Chained to Trump's Rhythm
Last week, Katy Perry released “Chained to the Rhythm.” After a performance at the Grammys and setting a first day record on Spotify, the song debuted this week at number 6. “We’re living in a bubble, bubble,” Perry croons. “So comfortable we cannot see the trouble, trouble.”
“So put your rose colored glasses on, and party on.”
“We’re all chained to the rhythm, to the rhythm, to the rhythm.
If life seems different since January 20th, maybe that’s because it is. Daily living has become a reality show since Trump took office. "I used to say I feel like he’s crashed through the TV into our real life," Alison Hearn, an associate professor of information and media studies at the University of Western Ontario told the Chronicle of Higher Education. "But now it’s more like he’s pulling us all through the TV screen into his spectacular delusions."
We’re not working 8 to 5 at the factory, eating TV dinners, and watching Walter Cronkite at 6 o’clock anymore. The President says the press is dishonest, producing “fake news.” Judges are not pillars of society, they are “so called.” We’re living in social media ether, trying to make ends meet, and leaving worries about retirement for another day. Oh, fiddle-dee-dee, who is our president scrapping with today?
Reality television, despite bearing no relation to reality, has shaped Trump into a man for the age, the reality TV age. "Reality TV is ‘reality’ only in that it looks real but in fact is often scripted or at least highly planned, and only the most outrageous statements and actions get past the cutting-room floor," says Mike Johansson, a senior lecturer in the School of Communication at the Rochester Institute of Technology. "Therefore, it reinforces extreme behavior."
So, what’s an attention seeking president to do? Tweet at 3 am. Harangue a major retailer for dropping his daughter’s brands. Pick a fight with a judge, the CIA, the FBI, a senator, or anyone that will make news. Conflict makes for a good story and a good story keeps people watching. Trump doesn’t want to be commander in chief as much as he is craves being ogled in chief.
Trump turned his selection of Judge Gorsuch into a prime time spectacle. The president “might as well have been Vanna White turning over a square," Danielle Lindemann, an assistant professor of sociology at Lehigh University, says. The unveiling relied on the spectacle of game shows, she adds.
The citizenry and the courts must stay on its toes at all times as the president invokes a flurry of executive orders. Like any real estate developer Trump is in a hurry, will force legislation just to see if someone stops him.
Ms. Hearn believes we are all apprentices and Trump is the boss. In her piece, “Trump’s Reality Hustle” she explains,
Of course, promotion and branding are in the DNA of reality television. Beyond the tales of home renovations, pawnshop owners, or botoxed rich ladies, the message of reality television has always been that life should be a non-stop entrepreneurial adventure involving the pursuit of multiple revenue streams predicated on the savvy deployment of virtuosic communicative and image skills.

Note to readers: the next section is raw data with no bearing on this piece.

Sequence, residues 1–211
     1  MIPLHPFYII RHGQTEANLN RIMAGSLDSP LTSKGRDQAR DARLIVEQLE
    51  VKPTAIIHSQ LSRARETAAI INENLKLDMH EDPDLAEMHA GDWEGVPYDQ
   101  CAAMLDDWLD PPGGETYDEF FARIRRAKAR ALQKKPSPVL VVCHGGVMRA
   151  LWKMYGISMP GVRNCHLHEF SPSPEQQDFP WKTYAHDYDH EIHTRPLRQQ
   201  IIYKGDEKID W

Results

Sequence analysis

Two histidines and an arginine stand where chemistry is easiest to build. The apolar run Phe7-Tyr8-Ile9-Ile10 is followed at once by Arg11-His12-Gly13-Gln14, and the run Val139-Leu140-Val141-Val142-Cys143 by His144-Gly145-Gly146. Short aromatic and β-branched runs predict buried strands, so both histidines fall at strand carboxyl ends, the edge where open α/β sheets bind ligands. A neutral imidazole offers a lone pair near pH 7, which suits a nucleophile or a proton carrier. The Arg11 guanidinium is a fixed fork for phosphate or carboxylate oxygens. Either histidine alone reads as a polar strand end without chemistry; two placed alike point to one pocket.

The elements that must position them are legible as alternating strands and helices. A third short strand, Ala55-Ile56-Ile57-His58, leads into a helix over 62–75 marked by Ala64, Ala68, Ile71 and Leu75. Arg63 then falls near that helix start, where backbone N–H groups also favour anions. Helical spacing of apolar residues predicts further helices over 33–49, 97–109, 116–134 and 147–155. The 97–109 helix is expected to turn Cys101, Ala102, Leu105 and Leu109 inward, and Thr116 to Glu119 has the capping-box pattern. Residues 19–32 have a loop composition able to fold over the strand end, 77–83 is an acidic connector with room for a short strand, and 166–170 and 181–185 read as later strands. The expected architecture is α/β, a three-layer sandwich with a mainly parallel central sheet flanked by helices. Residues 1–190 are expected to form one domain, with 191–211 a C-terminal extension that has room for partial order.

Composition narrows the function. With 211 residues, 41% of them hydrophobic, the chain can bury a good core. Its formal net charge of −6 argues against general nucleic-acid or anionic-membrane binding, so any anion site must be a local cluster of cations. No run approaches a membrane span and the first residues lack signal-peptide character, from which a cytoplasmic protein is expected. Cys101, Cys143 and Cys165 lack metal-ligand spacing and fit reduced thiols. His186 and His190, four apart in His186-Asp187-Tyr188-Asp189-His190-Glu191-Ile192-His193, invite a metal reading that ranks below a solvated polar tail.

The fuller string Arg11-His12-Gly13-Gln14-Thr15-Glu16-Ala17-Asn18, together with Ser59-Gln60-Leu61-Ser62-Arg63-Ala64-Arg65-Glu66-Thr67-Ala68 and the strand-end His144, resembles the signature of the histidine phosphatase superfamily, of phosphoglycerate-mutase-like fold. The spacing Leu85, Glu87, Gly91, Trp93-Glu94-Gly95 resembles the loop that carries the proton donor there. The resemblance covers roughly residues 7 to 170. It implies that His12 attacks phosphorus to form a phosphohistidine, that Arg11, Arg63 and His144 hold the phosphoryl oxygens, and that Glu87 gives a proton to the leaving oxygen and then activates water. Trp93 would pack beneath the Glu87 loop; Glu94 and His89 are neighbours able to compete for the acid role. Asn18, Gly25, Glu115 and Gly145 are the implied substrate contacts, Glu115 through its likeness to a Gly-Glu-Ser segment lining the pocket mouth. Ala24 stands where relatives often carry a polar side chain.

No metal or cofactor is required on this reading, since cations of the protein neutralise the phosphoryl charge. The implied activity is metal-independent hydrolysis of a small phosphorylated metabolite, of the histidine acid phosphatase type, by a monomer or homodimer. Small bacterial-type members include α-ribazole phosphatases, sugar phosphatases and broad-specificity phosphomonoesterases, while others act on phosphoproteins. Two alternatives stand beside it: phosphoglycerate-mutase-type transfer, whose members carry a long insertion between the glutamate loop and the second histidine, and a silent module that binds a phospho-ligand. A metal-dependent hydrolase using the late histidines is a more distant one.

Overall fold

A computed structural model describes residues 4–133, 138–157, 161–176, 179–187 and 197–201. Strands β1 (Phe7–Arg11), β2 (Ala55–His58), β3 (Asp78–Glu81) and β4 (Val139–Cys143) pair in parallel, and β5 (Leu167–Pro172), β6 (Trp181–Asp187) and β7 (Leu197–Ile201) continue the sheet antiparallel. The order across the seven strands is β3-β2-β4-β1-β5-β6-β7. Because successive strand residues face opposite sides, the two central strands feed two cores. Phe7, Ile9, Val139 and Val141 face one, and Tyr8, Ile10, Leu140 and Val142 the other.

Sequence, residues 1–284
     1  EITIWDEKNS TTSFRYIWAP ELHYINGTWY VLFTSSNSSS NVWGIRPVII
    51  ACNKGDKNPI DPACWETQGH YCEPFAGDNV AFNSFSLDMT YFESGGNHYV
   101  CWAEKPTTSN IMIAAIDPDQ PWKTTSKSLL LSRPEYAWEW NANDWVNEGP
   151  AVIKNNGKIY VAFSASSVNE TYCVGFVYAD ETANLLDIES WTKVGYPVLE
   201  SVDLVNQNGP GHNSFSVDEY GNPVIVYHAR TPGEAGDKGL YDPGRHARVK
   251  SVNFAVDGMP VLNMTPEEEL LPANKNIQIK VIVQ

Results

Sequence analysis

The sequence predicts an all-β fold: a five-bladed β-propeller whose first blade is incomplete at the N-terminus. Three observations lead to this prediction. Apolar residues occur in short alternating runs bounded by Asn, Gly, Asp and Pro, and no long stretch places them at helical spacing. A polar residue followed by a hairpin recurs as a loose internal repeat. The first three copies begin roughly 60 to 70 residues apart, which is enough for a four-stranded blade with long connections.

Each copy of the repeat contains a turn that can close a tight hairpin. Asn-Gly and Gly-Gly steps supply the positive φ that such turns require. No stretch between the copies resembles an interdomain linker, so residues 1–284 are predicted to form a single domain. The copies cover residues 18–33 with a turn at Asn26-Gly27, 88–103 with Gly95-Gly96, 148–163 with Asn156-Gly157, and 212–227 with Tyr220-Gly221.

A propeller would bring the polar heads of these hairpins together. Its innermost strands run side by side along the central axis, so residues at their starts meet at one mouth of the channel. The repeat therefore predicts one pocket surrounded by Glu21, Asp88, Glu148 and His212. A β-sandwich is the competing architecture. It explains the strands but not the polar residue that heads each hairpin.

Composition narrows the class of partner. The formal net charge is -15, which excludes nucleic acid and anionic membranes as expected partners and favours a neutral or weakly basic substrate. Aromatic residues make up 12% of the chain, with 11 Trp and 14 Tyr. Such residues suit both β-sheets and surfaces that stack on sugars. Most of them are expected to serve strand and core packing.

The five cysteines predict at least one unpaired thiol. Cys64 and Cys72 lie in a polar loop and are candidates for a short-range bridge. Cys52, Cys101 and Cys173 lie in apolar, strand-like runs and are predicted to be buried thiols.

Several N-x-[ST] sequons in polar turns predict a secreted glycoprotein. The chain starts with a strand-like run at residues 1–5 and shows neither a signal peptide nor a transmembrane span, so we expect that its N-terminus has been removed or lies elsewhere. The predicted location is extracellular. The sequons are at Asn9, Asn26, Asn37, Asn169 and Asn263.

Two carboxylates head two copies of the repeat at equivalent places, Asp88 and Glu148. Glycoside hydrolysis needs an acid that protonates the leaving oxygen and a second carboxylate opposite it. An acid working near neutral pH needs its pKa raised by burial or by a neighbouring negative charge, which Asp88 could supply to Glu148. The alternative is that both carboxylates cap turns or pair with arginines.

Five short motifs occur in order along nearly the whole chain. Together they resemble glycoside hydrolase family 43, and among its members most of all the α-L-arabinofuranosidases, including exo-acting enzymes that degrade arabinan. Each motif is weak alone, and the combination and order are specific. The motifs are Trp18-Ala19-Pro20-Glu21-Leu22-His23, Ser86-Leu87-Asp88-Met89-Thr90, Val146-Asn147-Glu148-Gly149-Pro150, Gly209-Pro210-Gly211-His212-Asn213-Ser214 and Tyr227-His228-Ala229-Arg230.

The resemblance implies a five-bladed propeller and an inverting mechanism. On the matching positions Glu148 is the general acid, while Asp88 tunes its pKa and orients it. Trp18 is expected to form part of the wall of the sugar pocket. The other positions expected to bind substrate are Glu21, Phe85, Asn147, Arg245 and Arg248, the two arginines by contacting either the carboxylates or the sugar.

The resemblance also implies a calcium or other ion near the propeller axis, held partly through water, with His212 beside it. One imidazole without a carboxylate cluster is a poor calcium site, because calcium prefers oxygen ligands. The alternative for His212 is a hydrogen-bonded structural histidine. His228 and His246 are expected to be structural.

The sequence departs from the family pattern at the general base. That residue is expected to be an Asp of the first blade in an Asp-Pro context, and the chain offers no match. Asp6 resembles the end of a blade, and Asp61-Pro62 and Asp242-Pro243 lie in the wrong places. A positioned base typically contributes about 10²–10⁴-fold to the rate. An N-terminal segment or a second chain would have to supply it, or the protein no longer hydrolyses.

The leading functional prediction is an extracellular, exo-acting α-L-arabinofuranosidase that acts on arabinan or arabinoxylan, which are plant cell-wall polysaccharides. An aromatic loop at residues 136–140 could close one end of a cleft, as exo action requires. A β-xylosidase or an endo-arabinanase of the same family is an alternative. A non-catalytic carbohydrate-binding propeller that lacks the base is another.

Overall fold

Craft a persona, grab attention and break the rules, says Hearn. As she points out, Trump crafted his message to the lowest common denominator, for instance saying the word “win” 14 times in 40 seconds during a campaign speech.
Since the explosion of social media everyone must create an image, “cultivate a reputation, and monetize themselves by developing legions of followers or subscribers; these days, achieving a reputation for having a reputation has come to seem as reasonable a life goal as any other for many people,” writes Hearn.
“Given this,” explains Hearn “it may be a mistake to see Trump supporters as dupes who have swallowed his manufactured “winner” hype, and more correct to see them as hip to his masterful skill at creating and manipulating the hype to his own advantage. This would explain why no outrageous action or statement seems to stick to him or diminish his support.” We’re all hustling and shilling like The Donald. It’s part of the new reality. Life is one big episode of Survivor.
Those protesting hate the insecurity of the new reality age. They want a job for life, a home, free college education, and whatever else their pussy hats desire.
“In the ‘hall of mirrors’ of a promotional culture,” writes Hearn, “there is no truth or morality, only ‘winning’—attention, market share, allegiance, and votes. For Trump’s followers, his brand is his substantive skill set and all the qualification he needs to become president.”
When asked by a an Israeli reporter about the rise of anti-semitic action here and abroad since his election, Trump went on about winning 306 electoral college votes and how there will be lots of love during the next three, four or eight years.
His answer to an annoying press is, I won and you’re dishonest.
Meanwhile the stock market seems to love Trumps World. Day after day of new highs. Peter Kendall, writing for Elliott Wave, mentioned that five months after the February market peak in 1966, the Beatles released “Yesterday,” with McCartney singing “Yesterday, all my troubles seemed so far away. Now it looks as though they're here to stay.”
As the Fab Four captured the change in mood in ‘66, Kendall writes that Perry’s catchy tune “seems like a perfect fit with the split personality of [today’s] social mood.”
We’re all chained to Trump’s reality world rhythm, for now. I for one, see the trouble, trouble.